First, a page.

Asia is the largest continental source of international migrants in the world – and there are currently over 42.4 million migrants residing in Asia.1 While many leave home to seek better education and economic opportunities, they are often exploited and become even more vulnerable.
Two organisations are working hard to empower migrants in Asia, by giving them the skills and confidence to take control of their futures and create opportunities for themselves.
Aidha, based in Singapore, is helping approximately 800 migrant domestic workers every year to make informed financial decisions, become more confident and achieve economic independence.
“Migrant domestic workers are part of the fabric of life in Singapore,” says CEO of Aidha, Jacqueline Loh. “Women from places like Indonesia, the Philippines, Myanmar come here and work 13-hour days to get ahead financially. But research shows that only 6% of them return home with enough savings – and more than half go back without any.”
Many of these women work six to seven days a week earning very little and sending most of their paychecks home to support their families. As the local Employment Act doesn’t cover migrant workers, they’re also poorly protected – and often exploited.
Aidha runs three different six-month courses, building women’s confidence in both themselves and their future. Students learn how to manage their money, plan their financial future and start a business. Aidha alumni increase their monthly savings by 78% on average, and 40% end up owning their own businesses.
Macquarie has been supporting Aidha since 2017, through a range of activities such as co-hosting events, raising funds and assisting with one-on-one mentoring. Most recently, Macquarie has also funded Aidha to develop new short courses for these women.
“Some domestic workers can’t make a long-term commitment to join our more immersive courses, often because even their days off might not be within their control. With Macquarie’s help, we researched and developed content for three new short courses to overcome this barrier, with more to come,” Jacqueline says.
And the demand has been overwhelming, with 350 students enrolled in the first full year of the program.
“Macquarie’s three-year grant gave us the confidence to commit to the program, which is set to become just as important as our longer courses.”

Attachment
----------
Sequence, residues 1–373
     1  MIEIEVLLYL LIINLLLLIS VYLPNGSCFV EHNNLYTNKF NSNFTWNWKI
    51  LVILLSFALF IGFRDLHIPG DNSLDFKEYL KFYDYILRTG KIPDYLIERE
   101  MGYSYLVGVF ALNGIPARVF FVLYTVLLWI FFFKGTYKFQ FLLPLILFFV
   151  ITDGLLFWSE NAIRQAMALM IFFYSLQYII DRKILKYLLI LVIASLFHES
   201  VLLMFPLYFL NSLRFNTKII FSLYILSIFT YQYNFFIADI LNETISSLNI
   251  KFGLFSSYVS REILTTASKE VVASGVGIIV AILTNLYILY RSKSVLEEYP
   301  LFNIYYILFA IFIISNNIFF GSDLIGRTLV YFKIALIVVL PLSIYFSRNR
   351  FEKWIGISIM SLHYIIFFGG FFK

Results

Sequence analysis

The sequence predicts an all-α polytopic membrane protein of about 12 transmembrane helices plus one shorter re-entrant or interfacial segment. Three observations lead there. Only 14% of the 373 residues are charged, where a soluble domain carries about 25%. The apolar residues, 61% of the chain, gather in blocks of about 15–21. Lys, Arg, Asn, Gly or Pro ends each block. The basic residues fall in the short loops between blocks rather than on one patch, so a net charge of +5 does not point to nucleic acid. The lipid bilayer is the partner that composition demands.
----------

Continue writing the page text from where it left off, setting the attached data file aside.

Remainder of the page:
Find out more about the Aidha.
India has over 450 million internal migrants, according to its latest census in 2011.2 These migrants leave home in the hope of creating a better future for themselves and their children. But they face many barriers.
“This population gets stuck in a cycle of ignorance, lack of opportunity and poverty that cuts across generations,” says Prerit Rana, co-founder and CEO of Agrasar – a non-profit organisation helping migrants in India progress their future. “A lot of people don’t have proper identification documents which can create a number of issues. Then there’s the issue of social identity – people view others from certain regions as outsiders.”
Agrasar has been working in communities with the highest population of unskilled migrant workers, across the states of Bihar, West Bengal, Jharkhand, Rajasthan and Odisha. The organisation facilitates employment for migrant workers and enables access to safe and enriching education for their children. It also educates families about their basic rights and how to accesses support services – and empowers them to become self-reliant.
“We run learning centres where we help children catch up to their age group and help them get into a local government school. We work with the schools and keep them accountable to make sure these kids continue their education,” Prerit says.
The organisation also help kids access books and resources, provides career counselling for young adults, and helps them find sustainable employment.
Macquarie has been part of Agrasar’s journey since 2015, assisting with activities like capacity building, events with children, material donations and strategic brain storming.
“Macquarie has also funded one of our skilling centres for young people. But we realised helping people develop certain skills isn’t the complete solution to the employability program. It doesn’t address more complex challenges such as social security and financial literacy. So, Macquarie helped us develop a more holistic program that has evolved into what we call our Migrant Centre,” says Prerit.
The centre helps people connect with government schemes, provides an opportunity to practice interview skills, and builds financial literacy to help migrants save.
With a team of only 45, Agrasar is currently working in eight different communities, helping to change the lives of 50,000 people in each area. And this couldn’t be possible without the support of countless volunteers and partners like Macquarie.
“The team at Macquarie continue to help us develop better partnerships and connect us to other organisations. The attention and respect they show our team are incredible, and we are thankful for their support.”
Find out more about the Agrasar.